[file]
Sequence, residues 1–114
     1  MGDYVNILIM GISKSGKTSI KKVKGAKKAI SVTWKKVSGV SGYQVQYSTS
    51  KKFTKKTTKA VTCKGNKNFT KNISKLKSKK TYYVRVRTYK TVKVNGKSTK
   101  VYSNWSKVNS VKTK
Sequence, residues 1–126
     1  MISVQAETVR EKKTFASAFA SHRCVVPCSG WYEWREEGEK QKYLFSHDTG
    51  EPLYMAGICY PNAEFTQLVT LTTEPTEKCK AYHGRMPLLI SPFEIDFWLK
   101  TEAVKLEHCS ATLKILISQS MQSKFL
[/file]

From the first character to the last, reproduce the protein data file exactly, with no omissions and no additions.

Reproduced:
Sequence, residues 1–114
     1  MGDYVNILIM GISKSGKTSI KKVKGAKKAI SVTWKKVSGV SGYQVQYSTS
    51  KKFTKKTTKA VTCKGNKNFT KNISKLKSKK TYYVRVRTYK TVKVNGKSTK
   101  VYSNWSKVNS VKTK
Sequence, residues 1–126
     1  MISVQAETVR EKKTFASAFA SHRCVVPCSG WYEWREEGEK QKYLFSHDTG
    51  EPLYMAGICY PNAEFTQLVT LTTEPTEKCK AYHGRMPLLI SPFEIDFWLK
   101  TEAVKLEHCS ATLKILISQS MQSKFL